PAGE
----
Now that winter has officially arrived we have had a few snow storms, but some chilly sunny days as well. These days are amazing. Blue bird days with a white blanket of snow covering the ground. It makes for some beautiful views when you are soaring above the trees.
My last flight was a cross country from KCQM up to KINL which sits on the border between Minnesota and Canada. It is just over 50 nautical miles making it the perfect distance to build up your cross country time. The day I went the temps were right around 0º F or about -18º C. We have the winter kit installed on the plane which restricts the amount of air that gets into the engine and blocks air from flowing around the cooling fins on the oil cooling block. This is essential for helping reduce the possibility of the engine being shock cooled during flight.
So with the airplane wearing its winter protection it is also very important for the pilot and occupants to take the same precautions. My dad has always taught me to wear what you want to crash in. I grew up hearing this, but it really hit home when he was involved in a forced landing in Western Alaska. He has always taught me to to prepare for the unexpected. What do you want to have on you if you did happen to lose your engine in a remote area? What do you want to have in the plane? Need more incentive? Check out this recent AOPA story about a survival story after a forced landing.
I have a backpack that I seatbelt into the back seat. This is so it will be within arms reach if I do find myself needing it. In this pack I have a number of things. I have a sleeping bag already inside a bivy sack stuffed in a compression stuff sack. If you are unfamiliar, a bivy is a one person four season shelter that is just big enough for you in your sleeping bag. This will allow me to quickly pull it out and just climb in. I’ll be in a perfect shelter to stay warm and dry in the frigid outdoors.
I also have a spare set of base layers both tops and bottoms and thick Smartwool socks. Along with that I have a spare hat, warm mittens, and a headlamp. To top off the base layers I have an extra jacket. It is hard to say what condition the clothes you are wearing will be in after a forced landing. To help keep me warm along with all that I have a bunch of heat packs that I will be able to activate and stick into my boots, into my mittens to help keep my extremities warm.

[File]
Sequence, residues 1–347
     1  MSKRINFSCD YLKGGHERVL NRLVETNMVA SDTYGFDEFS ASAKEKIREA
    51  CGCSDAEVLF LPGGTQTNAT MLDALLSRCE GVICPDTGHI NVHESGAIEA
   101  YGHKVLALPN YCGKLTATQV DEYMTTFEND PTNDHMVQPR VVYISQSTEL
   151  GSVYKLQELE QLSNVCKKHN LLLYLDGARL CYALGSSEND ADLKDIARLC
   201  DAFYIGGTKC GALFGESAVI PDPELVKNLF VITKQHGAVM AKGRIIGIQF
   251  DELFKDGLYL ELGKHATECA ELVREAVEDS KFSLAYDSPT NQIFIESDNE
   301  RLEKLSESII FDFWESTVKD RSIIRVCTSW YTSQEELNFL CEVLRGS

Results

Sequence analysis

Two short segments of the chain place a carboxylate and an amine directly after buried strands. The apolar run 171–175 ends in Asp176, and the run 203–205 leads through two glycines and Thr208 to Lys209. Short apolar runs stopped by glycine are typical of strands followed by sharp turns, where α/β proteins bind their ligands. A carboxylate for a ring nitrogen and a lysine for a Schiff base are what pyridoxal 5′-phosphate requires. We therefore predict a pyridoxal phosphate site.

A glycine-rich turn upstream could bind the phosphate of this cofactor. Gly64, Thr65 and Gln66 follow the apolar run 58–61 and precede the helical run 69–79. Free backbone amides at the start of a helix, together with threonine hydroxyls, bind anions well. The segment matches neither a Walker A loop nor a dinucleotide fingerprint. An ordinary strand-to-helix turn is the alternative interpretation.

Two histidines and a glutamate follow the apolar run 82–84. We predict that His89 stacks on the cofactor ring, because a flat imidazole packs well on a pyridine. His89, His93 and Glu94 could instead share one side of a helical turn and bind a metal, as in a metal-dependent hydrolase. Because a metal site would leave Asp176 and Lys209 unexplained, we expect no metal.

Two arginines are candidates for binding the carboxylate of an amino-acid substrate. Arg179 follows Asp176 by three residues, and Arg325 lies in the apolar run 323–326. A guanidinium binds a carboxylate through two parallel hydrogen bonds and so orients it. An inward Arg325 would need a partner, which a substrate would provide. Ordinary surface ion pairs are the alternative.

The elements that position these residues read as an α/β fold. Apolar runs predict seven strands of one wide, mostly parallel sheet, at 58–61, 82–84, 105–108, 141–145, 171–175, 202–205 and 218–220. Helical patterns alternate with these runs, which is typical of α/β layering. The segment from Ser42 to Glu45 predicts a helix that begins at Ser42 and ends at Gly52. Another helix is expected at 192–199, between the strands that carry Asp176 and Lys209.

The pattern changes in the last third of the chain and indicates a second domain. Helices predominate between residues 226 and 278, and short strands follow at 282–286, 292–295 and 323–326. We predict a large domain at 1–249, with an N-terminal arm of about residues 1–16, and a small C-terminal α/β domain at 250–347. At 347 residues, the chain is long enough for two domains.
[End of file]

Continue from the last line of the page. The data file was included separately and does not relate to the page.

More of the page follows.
Aside from clothes, I have a knife, a road flare (for starting a fire to stay warm), a collapsable saw, a tarp, cord, and some basic fire starter material. These things can help me build a fire and possibly a quick shelter to help block the wind and cold.
While flying in the winter on my lower body I wear long underwear, wool socks, insulated carhartt pants, and mukluks. On my upper body I have on long underwear, an under armor shirt, a sweatshirt, a down vest, and a jacket. I typically unzip the jacket part way, and pop the top few buttons on the vest to help vent my core a little. I also manage the cabin heat so I’m not sweating. In my jacket pocket I have a knife, a hat, and a PLB (Personal Locator Beacon). Many people have one of these in their flight bag, or in their survival pack, but I want to make sure I have it on me so I dont’ have to go looking for it. Also if for some reason I can’t move it may give me options.